Photo101 Day 1 Home

Today is day one of Photo 101, and this is our assignment:

Home is elusive. When we think about this word, we might picture different physical locations. And while home is often found on a map, it can also be less tangible: a loved one, a state of mind.

Anyone who has been reading this blog for some time knows what home means to me. It is Australia, and for some reason, the first thing I think of is the gum trees.

Gum Tree

Gum Tree

They come in many varieties and I love them all. Some have stunning blooms, some have flowers that infuse the surrounding air with the scent of honey, some have thin leaves, some have fat leaves. Generally, they are messy and drop twigs, bark, and branches often, but still, I love them.

Gumnuts

Gumnuts

The gum tree that frames most of my sunset photos.

The gum tree that frames most of my sunset photos.

They provide a home to many of Australia’s unique birds and animals, species that can’t be found elsewhere in the world; cockatoos, kookaburras, rosellas, and koalas.

On the rare occurrences that I found a gum tree when I was living in Florida and Scotland, I’d always pick a leaf, scrunch it up, and hold it to my nose to inhale the eucalyptus scent. I’ve always loved it, and in my time away, it was my favourite reminder of what ‘Home’ was to me.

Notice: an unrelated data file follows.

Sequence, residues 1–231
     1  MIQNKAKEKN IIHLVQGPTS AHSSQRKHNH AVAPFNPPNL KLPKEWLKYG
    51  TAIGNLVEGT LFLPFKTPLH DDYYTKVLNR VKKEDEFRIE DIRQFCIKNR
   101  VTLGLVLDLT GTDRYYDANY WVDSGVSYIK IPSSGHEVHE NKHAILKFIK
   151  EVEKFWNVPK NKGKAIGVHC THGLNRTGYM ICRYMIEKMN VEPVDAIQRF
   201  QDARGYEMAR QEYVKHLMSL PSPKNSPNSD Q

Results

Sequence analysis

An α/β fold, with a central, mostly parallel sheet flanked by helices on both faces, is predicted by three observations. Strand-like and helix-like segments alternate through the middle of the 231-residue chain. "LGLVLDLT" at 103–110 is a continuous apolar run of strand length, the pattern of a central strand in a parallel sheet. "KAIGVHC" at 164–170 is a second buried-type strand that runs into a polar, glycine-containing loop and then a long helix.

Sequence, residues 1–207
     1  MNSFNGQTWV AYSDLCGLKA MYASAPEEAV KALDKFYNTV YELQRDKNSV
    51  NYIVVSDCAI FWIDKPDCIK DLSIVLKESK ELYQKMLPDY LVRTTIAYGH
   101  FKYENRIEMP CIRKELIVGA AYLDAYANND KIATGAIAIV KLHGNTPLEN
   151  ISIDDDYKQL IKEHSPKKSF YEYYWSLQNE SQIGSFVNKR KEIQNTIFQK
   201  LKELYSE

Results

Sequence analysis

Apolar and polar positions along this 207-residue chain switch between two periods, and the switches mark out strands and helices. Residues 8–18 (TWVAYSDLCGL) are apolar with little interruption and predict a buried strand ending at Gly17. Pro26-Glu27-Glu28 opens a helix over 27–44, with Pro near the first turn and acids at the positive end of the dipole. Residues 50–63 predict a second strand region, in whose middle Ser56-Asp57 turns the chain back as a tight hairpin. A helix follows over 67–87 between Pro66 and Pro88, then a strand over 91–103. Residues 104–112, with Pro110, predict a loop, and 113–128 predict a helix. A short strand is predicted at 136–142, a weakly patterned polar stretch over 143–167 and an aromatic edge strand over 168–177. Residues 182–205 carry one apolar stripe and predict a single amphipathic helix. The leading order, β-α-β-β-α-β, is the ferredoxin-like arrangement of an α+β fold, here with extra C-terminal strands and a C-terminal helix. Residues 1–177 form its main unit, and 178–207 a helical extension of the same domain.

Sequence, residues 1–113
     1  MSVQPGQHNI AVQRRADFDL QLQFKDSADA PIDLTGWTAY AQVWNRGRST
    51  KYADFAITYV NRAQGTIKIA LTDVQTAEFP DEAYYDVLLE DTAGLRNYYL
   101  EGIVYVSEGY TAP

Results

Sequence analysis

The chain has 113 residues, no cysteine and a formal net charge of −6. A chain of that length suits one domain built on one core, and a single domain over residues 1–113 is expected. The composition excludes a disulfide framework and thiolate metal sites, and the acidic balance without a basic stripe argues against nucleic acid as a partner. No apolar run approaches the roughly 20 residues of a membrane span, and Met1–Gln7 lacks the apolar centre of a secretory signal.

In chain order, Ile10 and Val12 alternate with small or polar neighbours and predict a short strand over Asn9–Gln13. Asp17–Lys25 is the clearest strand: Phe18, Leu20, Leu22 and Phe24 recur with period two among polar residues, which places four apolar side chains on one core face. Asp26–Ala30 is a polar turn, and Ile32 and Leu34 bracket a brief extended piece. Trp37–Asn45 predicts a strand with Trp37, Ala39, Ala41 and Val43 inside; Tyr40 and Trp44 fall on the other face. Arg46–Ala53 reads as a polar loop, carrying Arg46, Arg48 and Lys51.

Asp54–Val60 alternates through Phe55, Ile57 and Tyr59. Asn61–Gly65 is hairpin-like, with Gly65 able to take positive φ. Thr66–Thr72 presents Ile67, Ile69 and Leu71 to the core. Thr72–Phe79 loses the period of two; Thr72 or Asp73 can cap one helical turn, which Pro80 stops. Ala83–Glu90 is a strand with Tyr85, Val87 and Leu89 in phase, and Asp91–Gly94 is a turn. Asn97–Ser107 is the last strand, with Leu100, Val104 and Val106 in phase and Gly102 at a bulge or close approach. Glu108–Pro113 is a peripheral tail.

Gum leaves

Gum leaves

One of my goals for this year was to brush up on my photography skills before I leave on my next big adventure, so I jumped at the opportunity to do the WordPress Photo 101 course.

Since returning to Australia nineteen months ago, I’ve been reluctant to leave again. My husband loves to travel and thankfully, he likes to take me with him most of the time, which was great until we moved back home. I guess I’ve been feeling a little guilty about not travelling with him, which was why I told him I’d found the one trip that would induce me to leave the country again – an arctic cruise.

The trip is now booked, our departure date is September 2nd, and I’m excited. I’m hoping that taking a photo a day for Photo 101 will force me to learn more about my camera, perhaps become a little more creative with my photos, and help prepare me for the stunning images I hope to take on my arctic cruise.

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Returning to Australia, One Year Later

Twelve months ago today, we stepped off the plane at Melbourne Airport to begin living in Australia again after ten years abroad.

I’ve chosen a few random photos from each month over the past year, and posted them below to mark the event.

September

McCrae Beach with kids.

McCrae Beach with kids.

Weird Weather in Somers

Weird Weather in Somers

October

Gumnuts

Gumnuts

November

Visiting family in Barkers Creek

Visiting family in Barkers Creek

Barkers Creek Garden

Barkers Creek Garden

Birthday Parties!

Birthday Parties!

Home

Home

December

Wonderful Sunsets

Wonderful Sunsets

Housewarming Gift

Housewarming Gift

Watching the ships sail by.

Watching the ships sail by.